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Re: Extinction scenarios




TomHopp@aol.com wrote:

>     It seems to me that 65 MYA, the eruption of white hot water vapor (from
> the impacted ocean)

Actually, there wouldn't be water vapor from the immediate impact area.  The
kinetic energy at the impact site is enough to break the bond in the water
molecules, and then strip the outer electrons off the atoms, creating a plasma.
Some water would reform after the plasma cooled sufficiently.

> but no one, to my knowledge, has really run down the possibilities
> for destruction by the shock wave itself.

About 40-45 years ago, there was a really good article on the subject in John W.
Campbell's "Astounding Science Fiction" magazine.  If I remember correctly, the
author even placed his hypothetical 1 mile dia. asteroid impact in the Gulf of
Mexico.  He also pointed out that an ocean impact is more devastating than a 
land
impact. I think he was also the first guy to postulate that the kinetic energy
applied to the resulting plasma might generate gamma radiation intense enough to
kill anything within line of sight even before the shock wave arrived.

> Undoubtedly, the shock wave would be strong enough near the impact to create
> the white-hot flash that Alvarez and others have mentioned, but it seems to me
> that the PROPAGATING SHOCK WAVE, if big enough, would have also heated air to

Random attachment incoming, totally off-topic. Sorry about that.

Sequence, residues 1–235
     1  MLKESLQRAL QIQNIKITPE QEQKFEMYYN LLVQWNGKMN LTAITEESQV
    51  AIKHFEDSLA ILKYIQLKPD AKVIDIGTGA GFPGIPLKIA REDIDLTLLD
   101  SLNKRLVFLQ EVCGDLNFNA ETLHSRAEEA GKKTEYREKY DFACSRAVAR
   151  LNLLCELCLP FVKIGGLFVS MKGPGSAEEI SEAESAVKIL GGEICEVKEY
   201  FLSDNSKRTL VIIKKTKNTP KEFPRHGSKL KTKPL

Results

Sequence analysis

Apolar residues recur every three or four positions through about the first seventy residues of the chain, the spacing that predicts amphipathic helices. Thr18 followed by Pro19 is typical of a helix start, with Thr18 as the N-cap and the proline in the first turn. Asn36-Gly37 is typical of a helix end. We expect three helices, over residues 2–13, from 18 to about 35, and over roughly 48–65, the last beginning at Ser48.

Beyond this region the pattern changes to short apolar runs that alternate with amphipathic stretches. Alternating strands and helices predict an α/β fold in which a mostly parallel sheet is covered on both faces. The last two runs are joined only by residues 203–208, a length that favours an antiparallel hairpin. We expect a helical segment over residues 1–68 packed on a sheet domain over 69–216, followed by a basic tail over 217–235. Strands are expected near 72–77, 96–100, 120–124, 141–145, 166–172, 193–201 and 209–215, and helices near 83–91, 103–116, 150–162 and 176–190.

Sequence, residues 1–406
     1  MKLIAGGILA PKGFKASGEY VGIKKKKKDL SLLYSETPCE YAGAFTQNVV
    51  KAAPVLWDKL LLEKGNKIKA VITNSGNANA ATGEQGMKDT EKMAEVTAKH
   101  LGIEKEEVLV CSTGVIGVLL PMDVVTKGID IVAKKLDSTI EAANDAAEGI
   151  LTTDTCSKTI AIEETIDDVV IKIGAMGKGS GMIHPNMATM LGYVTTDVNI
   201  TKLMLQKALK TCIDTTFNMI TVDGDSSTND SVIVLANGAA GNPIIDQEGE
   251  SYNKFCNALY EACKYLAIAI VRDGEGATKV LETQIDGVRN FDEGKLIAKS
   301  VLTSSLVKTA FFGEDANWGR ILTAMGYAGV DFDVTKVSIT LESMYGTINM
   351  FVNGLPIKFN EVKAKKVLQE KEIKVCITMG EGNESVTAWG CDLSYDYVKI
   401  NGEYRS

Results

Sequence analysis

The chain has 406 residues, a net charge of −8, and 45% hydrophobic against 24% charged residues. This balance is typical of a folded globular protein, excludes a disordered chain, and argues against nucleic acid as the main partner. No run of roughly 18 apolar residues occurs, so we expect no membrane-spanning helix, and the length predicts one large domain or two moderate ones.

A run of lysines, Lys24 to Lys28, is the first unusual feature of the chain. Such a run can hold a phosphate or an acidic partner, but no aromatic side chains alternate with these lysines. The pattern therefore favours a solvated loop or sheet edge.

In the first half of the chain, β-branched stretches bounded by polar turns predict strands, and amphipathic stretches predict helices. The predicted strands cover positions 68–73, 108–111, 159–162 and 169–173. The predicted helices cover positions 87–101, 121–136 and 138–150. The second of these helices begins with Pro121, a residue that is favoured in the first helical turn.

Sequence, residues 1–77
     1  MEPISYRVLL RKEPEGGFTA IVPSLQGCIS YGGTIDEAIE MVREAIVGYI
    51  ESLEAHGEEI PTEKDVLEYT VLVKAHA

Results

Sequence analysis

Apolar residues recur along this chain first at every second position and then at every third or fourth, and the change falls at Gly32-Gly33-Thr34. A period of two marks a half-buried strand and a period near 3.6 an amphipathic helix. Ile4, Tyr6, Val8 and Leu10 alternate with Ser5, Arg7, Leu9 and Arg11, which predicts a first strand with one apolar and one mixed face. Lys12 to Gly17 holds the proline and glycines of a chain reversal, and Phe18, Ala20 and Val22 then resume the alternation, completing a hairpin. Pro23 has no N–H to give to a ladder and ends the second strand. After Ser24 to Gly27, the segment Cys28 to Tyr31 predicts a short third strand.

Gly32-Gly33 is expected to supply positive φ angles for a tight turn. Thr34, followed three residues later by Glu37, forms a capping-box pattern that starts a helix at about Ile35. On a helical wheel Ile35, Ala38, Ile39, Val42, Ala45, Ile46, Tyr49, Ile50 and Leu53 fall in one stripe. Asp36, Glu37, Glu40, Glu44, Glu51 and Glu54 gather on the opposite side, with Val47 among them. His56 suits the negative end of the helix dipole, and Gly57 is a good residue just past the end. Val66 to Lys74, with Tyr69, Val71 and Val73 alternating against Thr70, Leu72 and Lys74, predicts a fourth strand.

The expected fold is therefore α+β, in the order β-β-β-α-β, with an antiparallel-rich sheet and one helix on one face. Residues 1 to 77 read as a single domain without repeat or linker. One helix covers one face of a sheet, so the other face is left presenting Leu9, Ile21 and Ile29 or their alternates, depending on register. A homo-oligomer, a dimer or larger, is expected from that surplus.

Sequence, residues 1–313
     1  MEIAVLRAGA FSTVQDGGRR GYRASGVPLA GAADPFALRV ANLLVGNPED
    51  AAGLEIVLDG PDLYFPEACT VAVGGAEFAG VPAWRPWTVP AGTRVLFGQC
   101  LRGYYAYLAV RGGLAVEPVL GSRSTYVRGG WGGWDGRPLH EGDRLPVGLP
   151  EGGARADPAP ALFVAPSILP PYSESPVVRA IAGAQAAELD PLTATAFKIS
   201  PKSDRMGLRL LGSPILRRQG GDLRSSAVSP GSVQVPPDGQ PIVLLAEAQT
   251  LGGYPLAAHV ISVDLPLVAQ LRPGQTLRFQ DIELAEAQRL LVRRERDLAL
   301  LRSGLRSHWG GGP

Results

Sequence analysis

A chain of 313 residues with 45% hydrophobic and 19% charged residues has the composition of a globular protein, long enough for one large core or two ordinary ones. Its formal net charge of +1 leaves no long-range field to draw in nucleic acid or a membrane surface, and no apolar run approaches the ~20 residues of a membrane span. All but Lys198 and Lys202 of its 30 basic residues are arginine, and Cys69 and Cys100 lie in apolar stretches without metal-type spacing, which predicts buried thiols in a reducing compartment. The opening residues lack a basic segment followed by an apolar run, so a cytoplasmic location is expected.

> white-hot temperatures.

See above.

>  The question is: over how great a distance could this
> wave carry lethal heat?  My personal bias is: ALL THE WAY 'ROUND THE WORLD.
>     Thus, you might be a Muttaburrasaurus quietly sipping at a watering hole
> in Australia, far from the impact, when the first thing you noticed was that
> you were hurtling through the air amid white heat.

I don't think it would be quite that great, as the intensity of the pressure 
peak
would diminish roughly with the square of the distance from the impact point.
It's calculable though, and somebody ought to give it a shot.  As an aside, the
the tidal wave from the much smaller Krakatoa explosion was detected in England 
on
each of it's first several passes around the world, and the pressure wave was
directly audible for 3000 miles.

>  This of course, would be
> your closing observation on conditions in the Late Cretaceous.

Well said,Jim